The current version of the question asks two things:
Have mathematicians concluded that an Indian mathematical physicist has solved the Riemann Hypothesis?
No. There isn't a single professional mathematician who publicly stated that they have read Kumar's proof and determined that it is correct.
So, has the committee actually come to the conclusion that the Riemann Hypothesis has been solved by Kumar Eswaran?
Yes, the committee stated that they believe Kumar has solved the problem. But only one member of the committee is a mathematician, and the committee stated that it arrived at its conclusion by relying on the opinions of reviewers, all of whom either explicitly disagree with the committee's conclusions or are themselves not mathematicians.
Furthermore, the reasoning provided by the committee for how they arrived at their conclusion is plagued by many misleading statements and an apparent lack of understanding of mathematical reasoning and the meaning of mathematical proof, reducing any credibility the committee might have had otherwise to zero.
The detailed analysis below requires no mathematical background to understand. For what it's worth, I'm a professional mathematician with expertise in the areas related to the Riemann hypothesis, but the validity of my answer does not depend on that fact in any way.
The main source for the claim from the news media saying Eswaran's proof has been validated appears to be this 208-page report titled "Open reviews of the proof of the Riemann Hypothesis of Kumar Eswaran: An Expert Committee's Report". The effort that the makers of this report put in is impressive, and they are academics with (presumably) some credibility in their respective fields, so I can see why this would catch the attention of the media. In the Foreword of this document, Dr. K.T. Mahhe, who has the also-impressive title "Chairman Sreenidhi Group of Institutions", writes (page i of the report, emphasis in the original):
I can vouch for the fact that, under the circumstances, this expert committee has done due diligence; it has done its utmost to conduct an intellectually rigorous, honest, and fair assessment of the proposed proof. On the basis of the assessment, this expert committee has concluded that Dr. Kumar Eswaran’s proof of the Riemann Hypothesis is correct.
Moreover, the expert committee writes towards the end of its summary opinion (pages 1-2 of the report):
After careful perusal of all the arguments in the proof and the reviews from the experts who have responded, the Committee felt that there are no negative arguments that could technically invalidate the proof and therefore have arrived at the firm conclusion that the proof by Dr. K. Eswaran is both credible and acceptable and that the RH can be considered as proven.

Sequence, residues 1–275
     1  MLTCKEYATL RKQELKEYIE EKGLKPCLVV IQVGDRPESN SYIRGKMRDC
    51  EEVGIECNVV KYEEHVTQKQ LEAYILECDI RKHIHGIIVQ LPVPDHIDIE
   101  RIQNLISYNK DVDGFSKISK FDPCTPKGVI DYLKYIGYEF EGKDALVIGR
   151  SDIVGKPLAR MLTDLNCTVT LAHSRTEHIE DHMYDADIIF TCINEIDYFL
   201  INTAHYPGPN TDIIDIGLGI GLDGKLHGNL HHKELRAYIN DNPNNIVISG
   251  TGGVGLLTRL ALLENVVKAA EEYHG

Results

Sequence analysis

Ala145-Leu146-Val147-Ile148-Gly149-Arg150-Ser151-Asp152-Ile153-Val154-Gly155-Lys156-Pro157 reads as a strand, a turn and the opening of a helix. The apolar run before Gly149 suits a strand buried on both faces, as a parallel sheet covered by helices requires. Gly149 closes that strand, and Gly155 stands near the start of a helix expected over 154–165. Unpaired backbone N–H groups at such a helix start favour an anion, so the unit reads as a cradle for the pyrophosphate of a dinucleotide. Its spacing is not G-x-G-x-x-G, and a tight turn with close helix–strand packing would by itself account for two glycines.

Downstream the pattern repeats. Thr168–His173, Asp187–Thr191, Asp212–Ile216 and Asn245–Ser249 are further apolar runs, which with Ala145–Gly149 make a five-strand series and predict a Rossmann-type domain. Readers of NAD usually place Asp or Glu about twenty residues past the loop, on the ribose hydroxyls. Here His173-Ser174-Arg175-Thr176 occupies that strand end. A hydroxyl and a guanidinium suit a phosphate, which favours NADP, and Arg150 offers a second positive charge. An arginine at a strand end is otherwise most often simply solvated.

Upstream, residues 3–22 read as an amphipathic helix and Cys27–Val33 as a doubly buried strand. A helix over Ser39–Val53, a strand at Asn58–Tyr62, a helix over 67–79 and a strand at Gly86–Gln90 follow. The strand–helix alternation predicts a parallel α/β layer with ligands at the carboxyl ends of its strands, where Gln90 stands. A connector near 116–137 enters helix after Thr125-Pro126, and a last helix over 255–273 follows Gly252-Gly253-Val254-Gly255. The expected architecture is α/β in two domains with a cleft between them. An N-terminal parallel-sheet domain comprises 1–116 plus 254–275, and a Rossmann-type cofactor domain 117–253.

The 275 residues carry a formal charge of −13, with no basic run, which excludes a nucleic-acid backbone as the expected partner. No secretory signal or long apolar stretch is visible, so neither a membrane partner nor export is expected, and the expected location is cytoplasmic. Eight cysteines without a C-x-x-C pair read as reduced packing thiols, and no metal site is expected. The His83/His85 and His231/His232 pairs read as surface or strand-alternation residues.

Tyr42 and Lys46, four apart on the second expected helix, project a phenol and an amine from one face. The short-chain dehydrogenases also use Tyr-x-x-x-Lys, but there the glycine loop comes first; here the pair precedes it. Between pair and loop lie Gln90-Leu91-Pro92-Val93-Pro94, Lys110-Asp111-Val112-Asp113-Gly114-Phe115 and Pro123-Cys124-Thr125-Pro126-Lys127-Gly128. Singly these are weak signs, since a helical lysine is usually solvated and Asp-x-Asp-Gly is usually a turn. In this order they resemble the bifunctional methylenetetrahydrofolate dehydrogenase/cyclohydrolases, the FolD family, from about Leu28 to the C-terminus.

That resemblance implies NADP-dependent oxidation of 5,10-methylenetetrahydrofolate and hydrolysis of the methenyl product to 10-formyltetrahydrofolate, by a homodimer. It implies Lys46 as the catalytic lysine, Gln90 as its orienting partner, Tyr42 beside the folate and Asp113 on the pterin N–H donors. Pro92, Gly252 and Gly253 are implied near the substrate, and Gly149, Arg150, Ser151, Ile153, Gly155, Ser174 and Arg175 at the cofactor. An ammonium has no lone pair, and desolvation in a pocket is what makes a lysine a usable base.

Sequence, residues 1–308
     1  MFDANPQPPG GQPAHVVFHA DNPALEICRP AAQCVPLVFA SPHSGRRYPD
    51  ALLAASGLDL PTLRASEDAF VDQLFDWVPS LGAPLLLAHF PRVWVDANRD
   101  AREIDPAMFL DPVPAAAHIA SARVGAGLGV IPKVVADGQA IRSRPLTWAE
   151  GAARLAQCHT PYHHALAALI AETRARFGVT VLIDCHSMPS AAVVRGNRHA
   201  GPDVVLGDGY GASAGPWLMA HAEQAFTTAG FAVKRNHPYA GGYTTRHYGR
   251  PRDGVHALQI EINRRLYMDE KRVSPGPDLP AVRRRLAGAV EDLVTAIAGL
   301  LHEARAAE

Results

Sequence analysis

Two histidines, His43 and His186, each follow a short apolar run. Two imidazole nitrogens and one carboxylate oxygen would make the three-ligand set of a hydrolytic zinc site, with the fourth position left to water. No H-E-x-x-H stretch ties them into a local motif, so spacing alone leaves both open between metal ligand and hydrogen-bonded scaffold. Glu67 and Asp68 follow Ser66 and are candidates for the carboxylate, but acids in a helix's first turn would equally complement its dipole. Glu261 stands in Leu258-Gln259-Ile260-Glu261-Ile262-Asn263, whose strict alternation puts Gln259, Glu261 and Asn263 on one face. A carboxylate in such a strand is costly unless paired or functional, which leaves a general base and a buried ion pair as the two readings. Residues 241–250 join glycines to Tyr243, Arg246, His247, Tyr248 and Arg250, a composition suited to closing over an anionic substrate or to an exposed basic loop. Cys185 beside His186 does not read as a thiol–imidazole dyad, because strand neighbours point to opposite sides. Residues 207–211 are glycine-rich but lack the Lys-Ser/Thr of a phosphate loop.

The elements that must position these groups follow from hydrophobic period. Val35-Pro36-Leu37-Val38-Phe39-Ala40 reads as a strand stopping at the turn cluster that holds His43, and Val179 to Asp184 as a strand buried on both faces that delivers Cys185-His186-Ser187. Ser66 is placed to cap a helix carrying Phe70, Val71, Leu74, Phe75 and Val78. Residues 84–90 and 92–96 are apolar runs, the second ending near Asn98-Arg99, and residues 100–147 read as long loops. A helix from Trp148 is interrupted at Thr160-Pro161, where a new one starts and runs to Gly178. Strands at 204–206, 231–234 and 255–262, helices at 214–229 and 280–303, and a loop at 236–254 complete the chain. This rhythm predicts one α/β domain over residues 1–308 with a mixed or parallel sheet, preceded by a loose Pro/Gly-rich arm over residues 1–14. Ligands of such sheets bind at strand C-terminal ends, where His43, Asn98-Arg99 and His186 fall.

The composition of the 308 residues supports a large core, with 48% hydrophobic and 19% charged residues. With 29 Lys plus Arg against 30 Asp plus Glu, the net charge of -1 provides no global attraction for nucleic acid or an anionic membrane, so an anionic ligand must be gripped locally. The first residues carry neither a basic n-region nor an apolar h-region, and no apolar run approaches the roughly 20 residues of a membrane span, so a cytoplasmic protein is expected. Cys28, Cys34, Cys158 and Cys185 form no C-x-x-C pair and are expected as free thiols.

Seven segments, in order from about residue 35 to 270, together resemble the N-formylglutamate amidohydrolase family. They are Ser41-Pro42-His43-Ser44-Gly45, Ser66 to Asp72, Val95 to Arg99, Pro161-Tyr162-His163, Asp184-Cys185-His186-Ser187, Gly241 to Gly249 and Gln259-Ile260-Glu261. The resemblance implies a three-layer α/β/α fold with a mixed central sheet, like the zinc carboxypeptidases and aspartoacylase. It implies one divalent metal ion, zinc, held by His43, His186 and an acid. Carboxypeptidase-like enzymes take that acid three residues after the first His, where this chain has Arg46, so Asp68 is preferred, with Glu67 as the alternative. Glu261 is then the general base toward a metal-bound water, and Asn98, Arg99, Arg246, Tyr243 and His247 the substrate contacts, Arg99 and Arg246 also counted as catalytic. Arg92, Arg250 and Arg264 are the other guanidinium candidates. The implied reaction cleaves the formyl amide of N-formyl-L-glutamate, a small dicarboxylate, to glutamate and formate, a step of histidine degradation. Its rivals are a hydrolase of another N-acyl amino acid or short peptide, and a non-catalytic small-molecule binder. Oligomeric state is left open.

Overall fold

Sounds great, right? But wait, let's dig deeper. The names and titles of the 8 members of the expert committee are listed on page 3 of the report PDF. Only one of them, K. Srinivasa Rao, is a mathematician. Only four of them, listed as "Members of Technical Committee", signed the summary opinion. Those four include K. Srinivasa Rao, two physicists, and Vinayak Eswaran, the brother of Kumar Eswayan who is apparently a professor of mechanical and aerospace engineering.
The experts' summary opinion is itself troubling. First, the statement "there are no negative arguments that could technically invalidate the proof" is concerning, and not something I'd ever expect a mathematician to say. Mathematical proofs aren't considered valid by default until someone can point out a "negative argument" that "technically invalidates it"; actually it is the exact opposite, the burden of convincing people that the proof is correct lies fully with the person claiming to have a proof. So the criterion the experts seem, by their own admission, to be applying in determining that the proof is correct is prima facie invalid.
Second, the experts who signed the opinion don't claim to have read the proof and understood it. They only state that they reached their conclusion "after careful perusal of all the arguments in the proof" and after reading six reviews of the proof written by seven reviewers who read Eswayan's paper. (To be fair, two of the experts — both physicists — were themselves reviewers.) So apart from those two physicists, the other experts' conclusion (including that of Rao, the only mathematician in the group) is actually reached through a second-hand reliance on other sources of authority.
Now, the summary opinion provides quotes from each of the six reviews from the seven reviewers, as a way of supporting the conclusion that "the RH can be considered as proven". Let's examine those quotes, what they contain, and, tellingly, what they omit, which can be found by looking at the full reviews appended later in the report.
Review 1: "By Prof. Ken Roberts and Prof. SR Valluri. Univ. of Western Ontario, Canada."
We found Dr. Eswaran's work quite stimulating of mathematical ideas, and believe that his work should be brought to the attention of a wider scholarly audience, That is, the proof (or selected portions of the methodology) should be published. The Riemann Hypothesis has resisted the efforts of many of the best mathematicians for over 120 years,...” (in email to convener page 58).
Hmm. Well, do Profs. Roberts and SR Valluri actually say they think the proof is correct? Nope. In fact, in their detailed report, included later in the document, they write (page 66) "We are at present undecided on whether the proof is accurate in all respects. There are some aspects which we believe require clarification in order to construct a fully justified proof." In the email on page 58, they wrote: "Our report is incomplete, in that we did not examine all aspects of the proposed proof. There are some aspects of the Riemann zeta function with which we are not sufficiently familiar in order to speak authoritatively." This is not mentioned in the summary opinion.
Review 2: "By Prof. WladislawNarkiewicz (sic), University of Worclaw (sic), Poland, A well-known Polish Number Theorist."